West Marine Trysail Jacket and Bibs

For years West Marine has been offering its own line of branded foul-weather gear, and its Trysail jacket and bibs serve as an excellent example of what to look for in bluewater cruising gear.
Publish date:
Social count:
For years West Marine has been offering its own line of branded foul-weather gear, and its Trysail jacket and bibs serve as an excellent example of what to look for in bluewater cruising gear.

For years West Marine has been offering its own line of branded foul-weather gear, and its Trysail jacket and bibs serve as an excellent example of what to look for in bluewater cruising gear.

When thinking about bluewater gear, it’s important to remember that there’s no running for shelter, so it has to be tough enough to stand up to all kinds of weather. It’s equally important to remember that it is going to be put through much greater use than most gear is designed for. A single stormy passage, for example, will subject a set of bluewater jacket and bibs to more use than their coastal counterparts will experience in a year.

In the case of West Marine’s Trysail jacket and bibs, these twin challenges are addressed through a combination of materials, overall design and careful attention to detailing.

Materials: Both the jacket and bibs are made of a high-quality three-layer fabric, in which a breathable, microporous waterproof middle layer is sandwiched between a coated nylon outer layer and a soft inner layer, which both protects the waterproofing layer and makes for a comfortable layer against your skin.


Three-layer fabrics, though expensive, offer a number of advantages over their two-layer counterparts, in which a loose inner layer serves to protect the waterproofing layer, as opposed to a laminated inner lining.

First and foremost, they are lighter and more breathable, since a separate inner layer adds weight and makes it harder for perspiration to escape through the microporous membrane. Three-layer garments are also easier to put on and take off, and dry faster in the event they become damp: all-in-all a much better fabric for making foul weather gear.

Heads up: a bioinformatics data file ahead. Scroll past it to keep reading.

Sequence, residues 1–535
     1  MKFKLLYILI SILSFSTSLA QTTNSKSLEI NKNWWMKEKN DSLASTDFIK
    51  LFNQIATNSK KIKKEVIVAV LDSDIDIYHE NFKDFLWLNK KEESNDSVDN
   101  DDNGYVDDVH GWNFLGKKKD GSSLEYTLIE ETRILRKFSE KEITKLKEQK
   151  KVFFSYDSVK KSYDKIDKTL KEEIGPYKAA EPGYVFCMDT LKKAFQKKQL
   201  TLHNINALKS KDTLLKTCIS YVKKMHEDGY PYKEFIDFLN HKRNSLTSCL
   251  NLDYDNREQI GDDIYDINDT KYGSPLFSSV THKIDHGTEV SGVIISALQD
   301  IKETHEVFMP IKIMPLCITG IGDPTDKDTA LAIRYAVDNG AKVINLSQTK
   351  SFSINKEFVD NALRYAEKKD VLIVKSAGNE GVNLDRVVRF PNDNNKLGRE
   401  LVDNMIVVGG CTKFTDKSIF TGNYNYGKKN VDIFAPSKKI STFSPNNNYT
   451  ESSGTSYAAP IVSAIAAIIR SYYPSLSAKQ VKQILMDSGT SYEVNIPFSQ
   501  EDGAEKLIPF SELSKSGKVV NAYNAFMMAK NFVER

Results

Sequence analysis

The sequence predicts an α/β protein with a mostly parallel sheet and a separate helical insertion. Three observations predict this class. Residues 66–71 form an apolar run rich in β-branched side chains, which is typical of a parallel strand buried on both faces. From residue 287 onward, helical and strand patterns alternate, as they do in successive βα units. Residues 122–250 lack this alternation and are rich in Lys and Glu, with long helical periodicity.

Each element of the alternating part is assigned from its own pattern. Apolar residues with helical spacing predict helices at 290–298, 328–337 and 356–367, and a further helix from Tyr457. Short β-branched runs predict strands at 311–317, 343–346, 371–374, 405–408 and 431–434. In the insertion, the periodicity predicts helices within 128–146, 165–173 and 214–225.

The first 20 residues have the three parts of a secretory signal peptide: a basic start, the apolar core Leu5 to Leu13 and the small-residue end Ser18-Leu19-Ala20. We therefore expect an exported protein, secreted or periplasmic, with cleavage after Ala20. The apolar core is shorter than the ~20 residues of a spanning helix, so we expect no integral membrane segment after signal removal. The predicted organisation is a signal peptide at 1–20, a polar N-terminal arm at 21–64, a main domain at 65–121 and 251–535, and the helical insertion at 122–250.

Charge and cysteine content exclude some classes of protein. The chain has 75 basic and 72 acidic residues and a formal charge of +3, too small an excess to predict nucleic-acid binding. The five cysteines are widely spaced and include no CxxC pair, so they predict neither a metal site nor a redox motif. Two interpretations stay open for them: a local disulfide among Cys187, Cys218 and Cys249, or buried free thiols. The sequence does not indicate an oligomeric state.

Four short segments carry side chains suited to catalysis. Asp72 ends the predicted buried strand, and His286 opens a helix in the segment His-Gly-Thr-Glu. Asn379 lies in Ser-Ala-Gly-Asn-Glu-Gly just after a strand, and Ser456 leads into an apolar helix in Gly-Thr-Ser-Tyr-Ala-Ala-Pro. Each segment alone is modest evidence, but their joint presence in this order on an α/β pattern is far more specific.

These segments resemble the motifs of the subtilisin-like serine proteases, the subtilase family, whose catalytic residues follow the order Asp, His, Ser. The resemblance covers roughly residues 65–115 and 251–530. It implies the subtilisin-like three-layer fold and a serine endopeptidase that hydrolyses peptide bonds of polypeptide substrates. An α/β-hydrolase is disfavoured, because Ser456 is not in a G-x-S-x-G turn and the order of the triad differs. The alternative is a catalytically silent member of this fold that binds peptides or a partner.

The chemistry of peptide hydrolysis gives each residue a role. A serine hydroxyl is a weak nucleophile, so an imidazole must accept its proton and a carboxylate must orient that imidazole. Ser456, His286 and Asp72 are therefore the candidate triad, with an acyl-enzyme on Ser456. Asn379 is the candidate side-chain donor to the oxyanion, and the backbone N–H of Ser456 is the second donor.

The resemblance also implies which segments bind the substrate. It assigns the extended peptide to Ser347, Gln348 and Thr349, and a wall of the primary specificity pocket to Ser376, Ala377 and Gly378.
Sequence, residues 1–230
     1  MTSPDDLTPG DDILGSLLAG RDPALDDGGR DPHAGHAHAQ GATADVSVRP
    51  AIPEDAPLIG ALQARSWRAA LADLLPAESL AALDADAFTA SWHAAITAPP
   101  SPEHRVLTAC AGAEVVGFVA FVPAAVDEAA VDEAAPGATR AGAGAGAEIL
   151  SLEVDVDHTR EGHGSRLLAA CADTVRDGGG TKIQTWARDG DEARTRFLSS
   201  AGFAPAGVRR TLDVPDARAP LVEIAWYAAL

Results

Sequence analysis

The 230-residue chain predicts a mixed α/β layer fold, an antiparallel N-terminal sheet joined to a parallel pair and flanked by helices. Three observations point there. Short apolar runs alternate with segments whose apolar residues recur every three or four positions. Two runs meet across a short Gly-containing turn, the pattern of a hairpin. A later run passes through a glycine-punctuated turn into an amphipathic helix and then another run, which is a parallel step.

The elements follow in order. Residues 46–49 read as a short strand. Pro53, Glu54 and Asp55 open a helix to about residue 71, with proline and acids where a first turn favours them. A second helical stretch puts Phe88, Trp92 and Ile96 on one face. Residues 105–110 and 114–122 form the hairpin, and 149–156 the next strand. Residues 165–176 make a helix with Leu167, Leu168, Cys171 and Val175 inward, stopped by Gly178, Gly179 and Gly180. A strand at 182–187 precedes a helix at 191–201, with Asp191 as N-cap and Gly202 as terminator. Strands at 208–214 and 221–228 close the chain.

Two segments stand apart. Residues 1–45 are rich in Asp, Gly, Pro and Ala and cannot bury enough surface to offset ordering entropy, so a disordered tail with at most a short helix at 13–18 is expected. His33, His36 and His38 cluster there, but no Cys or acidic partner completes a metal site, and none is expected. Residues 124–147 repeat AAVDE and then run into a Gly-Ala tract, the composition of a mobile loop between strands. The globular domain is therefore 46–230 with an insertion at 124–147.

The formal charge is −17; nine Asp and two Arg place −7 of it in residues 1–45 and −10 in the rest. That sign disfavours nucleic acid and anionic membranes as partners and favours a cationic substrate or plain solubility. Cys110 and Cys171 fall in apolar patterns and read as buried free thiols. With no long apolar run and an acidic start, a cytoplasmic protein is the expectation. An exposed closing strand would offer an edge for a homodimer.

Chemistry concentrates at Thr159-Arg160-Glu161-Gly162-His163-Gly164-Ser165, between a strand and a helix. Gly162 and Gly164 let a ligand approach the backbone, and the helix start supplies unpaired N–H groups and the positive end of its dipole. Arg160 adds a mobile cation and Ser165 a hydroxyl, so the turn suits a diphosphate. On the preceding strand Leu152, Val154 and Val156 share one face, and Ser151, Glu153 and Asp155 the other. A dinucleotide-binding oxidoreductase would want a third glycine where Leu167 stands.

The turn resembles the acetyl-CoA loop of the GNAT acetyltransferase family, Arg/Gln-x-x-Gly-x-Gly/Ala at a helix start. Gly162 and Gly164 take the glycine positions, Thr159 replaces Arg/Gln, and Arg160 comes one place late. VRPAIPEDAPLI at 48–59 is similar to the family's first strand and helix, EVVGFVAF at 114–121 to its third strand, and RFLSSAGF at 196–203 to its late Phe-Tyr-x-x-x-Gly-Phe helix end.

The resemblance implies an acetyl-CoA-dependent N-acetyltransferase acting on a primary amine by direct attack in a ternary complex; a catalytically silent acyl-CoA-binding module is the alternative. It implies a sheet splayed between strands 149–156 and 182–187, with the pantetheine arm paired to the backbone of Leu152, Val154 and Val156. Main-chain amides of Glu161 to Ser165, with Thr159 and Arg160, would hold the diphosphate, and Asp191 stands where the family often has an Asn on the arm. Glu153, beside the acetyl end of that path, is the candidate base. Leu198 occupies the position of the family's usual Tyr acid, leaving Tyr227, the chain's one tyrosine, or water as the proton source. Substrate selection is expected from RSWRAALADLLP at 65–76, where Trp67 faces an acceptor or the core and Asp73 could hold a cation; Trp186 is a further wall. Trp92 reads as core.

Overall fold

Overall cut: The Trysail jacket features a long three-quarter-length hip cut—as opposed to the shorter waist-length cuts used on some performance tops—in the interest of keeping the water out. The bibs cut nice and high over the chest and back, and under the arms for the same reason. High-cut bibs also help protect your torso when you shed your jacket as the weather moderates but remains dirty.


A nice, high fleece-lined collar with a face flap protects the face and neck, and there are no less than four pockets on the front of the jacket. These include a pair of lower cargo pockets for stowing bits of gear, and a pair of lined upper pockets that do double-duty as hand warmers. The bibs include a thigh pocket and a pair of upper pockets that double as hand warmers as well.

Details: At first glance, the detailing on the Trysail jacket and bibs may appear similar to that found on coastal gear. However, it is better built, better designed and more robust, which can make all the difference in the world when you’re in rough weather off soundings.

The jacket cuffs, for example, have an excellent double seal, with an Velcro-adjustable elastic inner cuff to keep the water out. The zipper is also well protected by a “double storm flap,” and there is not only a drawstring in the waist for a snug fit, but a drawstring in the bottom hem as well.


All seams are carefully taped, with the tape is carefully overlapped to ensure there is no leakage at the joints—an important consideration.